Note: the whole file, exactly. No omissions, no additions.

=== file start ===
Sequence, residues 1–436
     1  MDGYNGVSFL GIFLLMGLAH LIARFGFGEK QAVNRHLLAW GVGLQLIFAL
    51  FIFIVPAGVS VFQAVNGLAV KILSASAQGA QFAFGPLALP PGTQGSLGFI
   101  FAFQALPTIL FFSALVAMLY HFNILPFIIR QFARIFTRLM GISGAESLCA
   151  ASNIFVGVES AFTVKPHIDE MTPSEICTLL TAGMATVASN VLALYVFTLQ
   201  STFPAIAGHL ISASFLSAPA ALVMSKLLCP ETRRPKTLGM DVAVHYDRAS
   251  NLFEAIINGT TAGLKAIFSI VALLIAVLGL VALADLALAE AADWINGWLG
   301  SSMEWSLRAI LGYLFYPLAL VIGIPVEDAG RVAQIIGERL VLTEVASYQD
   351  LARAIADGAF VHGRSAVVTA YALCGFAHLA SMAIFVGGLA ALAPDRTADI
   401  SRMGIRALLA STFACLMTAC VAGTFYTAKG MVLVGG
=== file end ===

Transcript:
Sequence, residues 1–436
     1  MDGYNGVSFL GIFLLMGLAH LIARFGFGEK QAVNRHLLAW GVGLQLIFAL
    51  FIFIVPAGVS VFQAVNGLAV KILSASAQGA QFAFGPLALP PGTQGSLGFI
   101  FAFQALPTIL FFSALVAMLY HFNILPFIIR QFARIFTRLM GISGAESLCA
   151  ASNIFVGVES AFTVKPHIDE MTPSEICTLL TAGMATVASN VLALYVFTLQ
   201  STFPAIAGHL ISASFLSAPA ALVMSKLLCP ETRRPKTLGM DVAVHYDRAS
   251  NLFEAIINGT TAGLKAIFSI VALLIAVLGL VALADLALAE AADWINGWLG
   301  SSMEWSLRAI LGYLFYPLAL VIGIPVEDAG RVAQIIGERL VLTEVASYQD
   351  LARAIADGAF VHGRSAVVTA YALCGFAHLA SMAIFVGGLA ALAPDRTADI
   401  SRMGIRALLA STFACLMTAC VAGTFYTAKG MVLVGG